The famous folk-rock song, ‘The Sound of Silence’ begins with these haunting words:
Hello darkness, my old friend
I’ve come to talk with you again
Because a vision softly creeping
Left its seeds while I was sleeping
And the vision that was planted in my brain
Within the sound of silence
Now we can take comfort from these words for they affirm that somewhere along the line a vision really was planted in our brain, it’s just that the vision has been blurred, discolored, ever so slightly erased. Why, how? Well again Simon and Garfunkel might be onto something for in the last verse the lyrics state that:
The people bowed and prayed
To the neon god they made
Lent provides Christians with the opportunity to reconnect with Jesus, to look into our darkness, to find the vision of truth and beauty that was originally planted in our brains, to consider the false Gods we have created and, to quietly get rid of them.
But one further thought:
In Lent, why don’t we as individual Christians, and as members of the ‘One Holy Catholic and Apostolic Church,’ keep quiet, silent even, and use the penitential season to fully reconnect with what it means to grow into the love of Christ; who knows a quiet Church fully living out the gospel in both the ordinariness and extraordinariness of life might grow into a truly missionary church?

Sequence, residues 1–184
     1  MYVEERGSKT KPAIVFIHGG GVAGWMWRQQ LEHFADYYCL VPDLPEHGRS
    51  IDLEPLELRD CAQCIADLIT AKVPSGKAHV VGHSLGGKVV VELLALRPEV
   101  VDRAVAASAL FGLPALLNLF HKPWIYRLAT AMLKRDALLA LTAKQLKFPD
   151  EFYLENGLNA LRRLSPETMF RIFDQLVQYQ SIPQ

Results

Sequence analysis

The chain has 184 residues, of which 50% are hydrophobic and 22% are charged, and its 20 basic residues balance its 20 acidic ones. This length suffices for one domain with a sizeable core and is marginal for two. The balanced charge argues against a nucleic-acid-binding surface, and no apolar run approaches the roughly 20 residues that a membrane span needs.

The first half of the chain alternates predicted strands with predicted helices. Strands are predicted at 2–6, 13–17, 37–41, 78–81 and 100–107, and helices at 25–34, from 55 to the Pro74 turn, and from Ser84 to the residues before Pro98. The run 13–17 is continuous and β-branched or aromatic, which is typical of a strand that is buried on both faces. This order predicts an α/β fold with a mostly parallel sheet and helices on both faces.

Jesus told Peter, to tell know one what he had seen at the Transfiguration, (lectionary reading Sunday before Lent), for once Peter did the right thing and kept his mouth shut. Remaining silent allowed Peter to place the Transfiguration into the much larger narrative of trial, Crucifixion,Resurrection, Ascension and Pentecost, Jesus on the shore of Galilee was able to reaffirm Peter, giving him his true vocation. Was this because Peter did as he was told and remained silent and that through silence he was able to really grasp hold of the entire vision? I think so.
Should we keep quiet this Lent?